Rebecca’s son, Jacob, had a stroke before he was born. Here, Rebecca shares her experiences and advice for parents of childhood stroke survivors, and families of all ages living with the lasting impact of stroke:

“Initially after his birth, Jacob seemed fine. Then he stopped breathing twice and started having seizures. It was terrifying.

“We were told Jacob had had a stroke and might not ever walk or talk. The medical staff stressed that, at Jacob’s age, the brain can rapidly repair itself and that his outcome could be much better. But although the words were going in, I felt like I was watching from outside my body.

“Jacob is now nine. He is so funny and loving - he brings light to any room! He walks, but it came slowly and not without its hurdles. New challenges are always coming our way. We struggle with behaviour problems and he’s been held behind at school. But we wouldn’t change Jacob for the world.

Childhood stroke survivor, Jacob, smiling.
Childhood stroke survivor, Jacob.

“Jacob doesn’t fully understand what happened to him. He knows his brain is “poorly” and we must work with him to make it better. He is always eager to try, and we couldn’t be prouder of him.

“We go through periods of progress and stagnation. This can feel daunting, but it's important to look at where you started and see where you are now. All progress is a huge step forward.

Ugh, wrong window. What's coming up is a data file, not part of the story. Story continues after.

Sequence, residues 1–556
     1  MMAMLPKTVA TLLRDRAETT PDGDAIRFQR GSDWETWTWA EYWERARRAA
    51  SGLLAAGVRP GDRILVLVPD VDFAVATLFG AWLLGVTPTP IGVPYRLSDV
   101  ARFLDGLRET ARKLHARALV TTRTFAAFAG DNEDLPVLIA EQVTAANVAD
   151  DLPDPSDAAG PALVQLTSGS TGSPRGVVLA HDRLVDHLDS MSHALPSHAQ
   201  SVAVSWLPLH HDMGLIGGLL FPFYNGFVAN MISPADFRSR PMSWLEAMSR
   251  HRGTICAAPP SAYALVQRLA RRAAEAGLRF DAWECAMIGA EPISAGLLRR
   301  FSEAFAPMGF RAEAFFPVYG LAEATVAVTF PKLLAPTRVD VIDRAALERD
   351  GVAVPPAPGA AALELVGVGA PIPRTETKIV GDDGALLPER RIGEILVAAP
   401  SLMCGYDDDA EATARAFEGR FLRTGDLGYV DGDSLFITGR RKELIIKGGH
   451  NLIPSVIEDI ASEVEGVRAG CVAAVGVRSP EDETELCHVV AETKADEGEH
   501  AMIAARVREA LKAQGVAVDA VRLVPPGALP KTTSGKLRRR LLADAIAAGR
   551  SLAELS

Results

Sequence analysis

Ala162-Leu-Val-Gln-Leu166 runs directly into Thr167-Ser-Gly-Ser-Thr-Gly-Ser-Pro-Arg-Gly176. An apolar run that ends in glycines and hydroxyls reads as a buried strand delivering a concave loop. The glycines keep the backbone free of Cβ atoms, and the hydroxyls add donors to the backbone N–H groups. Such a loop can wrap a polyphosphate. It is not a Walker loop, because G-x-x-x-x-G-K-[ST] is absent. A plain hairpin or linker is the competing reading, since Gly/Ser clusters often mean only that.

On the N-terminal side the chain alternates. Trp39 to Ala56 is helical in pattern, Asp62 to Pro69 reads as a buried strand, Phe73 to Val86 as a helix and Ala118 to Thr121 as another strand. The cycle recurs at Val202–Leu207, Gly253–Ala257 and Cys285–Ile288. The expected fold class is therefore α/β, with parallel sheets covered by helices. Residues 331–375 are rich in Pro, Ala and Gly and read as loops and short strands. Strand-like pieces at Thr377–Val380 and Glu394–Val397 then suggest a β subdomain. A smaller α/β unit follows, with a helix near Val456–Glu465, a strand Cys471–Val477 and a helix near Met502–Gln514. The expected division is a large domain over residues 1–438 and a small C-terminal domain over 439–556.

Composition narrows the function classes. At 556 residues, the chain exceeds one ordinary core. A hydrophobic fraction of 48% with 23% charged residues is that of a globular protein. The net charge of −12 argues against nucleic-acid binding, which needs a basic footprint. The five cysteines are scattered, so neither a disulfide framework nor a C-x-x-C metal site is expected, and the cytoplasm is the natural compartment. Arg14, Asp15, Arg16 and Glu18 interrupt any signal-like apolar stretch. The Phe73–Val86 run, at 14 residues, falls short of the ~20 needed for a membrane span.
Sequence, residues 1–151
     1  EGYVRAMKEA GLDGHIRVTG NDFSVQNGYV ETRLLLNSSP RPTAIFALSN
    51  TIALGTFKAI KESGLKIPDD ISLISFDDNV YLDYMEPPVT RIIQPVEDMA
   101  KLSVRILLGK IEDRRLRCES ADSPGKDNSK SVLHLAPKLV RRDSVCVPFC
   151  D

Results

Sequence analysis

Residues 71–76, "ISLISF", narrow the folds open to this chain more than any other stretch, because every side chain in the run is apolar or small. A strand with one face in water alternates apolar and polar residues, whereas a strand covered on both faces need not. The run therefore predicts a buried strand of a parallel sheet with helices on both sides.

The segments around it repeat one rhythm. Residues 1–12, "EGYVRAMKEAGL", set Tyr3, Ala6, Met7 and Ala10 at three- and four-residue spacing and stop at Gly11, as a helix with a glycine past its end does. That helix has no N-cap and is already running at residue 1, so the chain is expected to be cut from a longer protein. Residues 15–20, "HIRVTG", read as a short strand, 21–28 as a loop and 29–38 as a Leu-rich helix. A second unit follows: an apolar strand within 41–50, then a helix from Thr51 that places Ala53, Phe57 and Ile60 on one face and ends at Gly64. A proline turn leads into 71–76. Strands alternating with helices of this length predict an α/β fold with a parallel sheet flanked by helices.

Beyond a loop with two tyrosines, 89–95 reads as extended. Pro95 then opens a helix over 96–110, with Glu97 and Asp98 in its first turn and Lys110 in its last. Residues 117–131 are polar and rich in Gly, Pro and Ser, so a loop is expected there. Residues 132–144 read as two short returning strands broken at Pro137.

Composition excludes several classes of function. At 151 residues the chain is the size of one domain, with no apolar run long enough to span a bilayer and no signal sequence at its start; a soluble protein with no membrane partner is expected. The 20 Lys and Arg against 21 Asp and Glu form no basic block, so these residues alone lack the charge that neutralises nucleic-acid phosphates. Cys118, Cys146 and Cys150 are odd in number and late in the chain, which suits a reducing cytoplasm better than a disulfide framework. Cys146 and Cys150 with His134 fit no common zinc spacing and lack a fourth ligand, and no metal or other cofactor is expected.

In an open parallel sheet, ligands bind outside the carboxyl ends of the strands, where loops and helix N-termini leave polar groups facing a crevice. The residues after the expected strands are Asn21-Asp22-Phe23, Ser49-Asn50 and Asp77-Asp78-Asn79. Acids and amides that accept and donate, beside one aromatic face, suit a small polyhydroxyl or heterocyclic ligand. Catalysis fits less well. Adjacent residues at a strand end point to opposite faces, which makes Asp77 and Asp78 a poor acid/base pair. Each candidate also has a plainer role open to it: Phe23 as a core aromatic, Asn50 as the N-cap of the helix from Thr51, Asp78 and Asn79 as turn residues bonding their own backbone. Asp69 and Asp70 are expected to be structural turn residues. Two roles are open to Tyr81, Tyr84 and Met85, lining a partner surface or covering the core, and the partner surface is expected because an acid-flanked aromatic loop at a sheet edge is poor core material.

“My perspective has also shifted. At the start, I felt lost - like time was sealed and his whole life was determined by the stroke. But that isn't true. Life has so many twists and turns and it's important to have hope. Although Jacob could end up needing care for life, I’m more hopeful for the journey ahead.

“Remember that your journey is your journey, no two are the same. Where you are now may not be where you are in a year.

“As a parent or a carer, look after and make time for yourself. Therapy can also be very beneficial - it made the world of difference for me.

“And find people who will support you. It’s not a journey you can face alone. It can take you to breaking point. Please find someone to listen to you, as you’ll need them in your times of doubt and anxiety.

“I love that the Stroke Association has a dedicated childhood stroke support team and Parent-to-Parent support, so people can find someone they can relate to. These services will be so beneficial for many. I know they would have been for me.”

Find out more

We’re here to help children and families to live their best possible lives after stroke. Visit our childhood stroke pages to see our services and resources, including our new Parent-to-Parent volunteer calls.

If you care for a stroke survivor of any age and need support, please call our Stroke Helpline on 0303 3033 100.

Stroke News magazine

This article is featured in the winter 2023 edition of our magazine, Stroke News. Subscribe to our future editions available in print, on audio CD, or via email.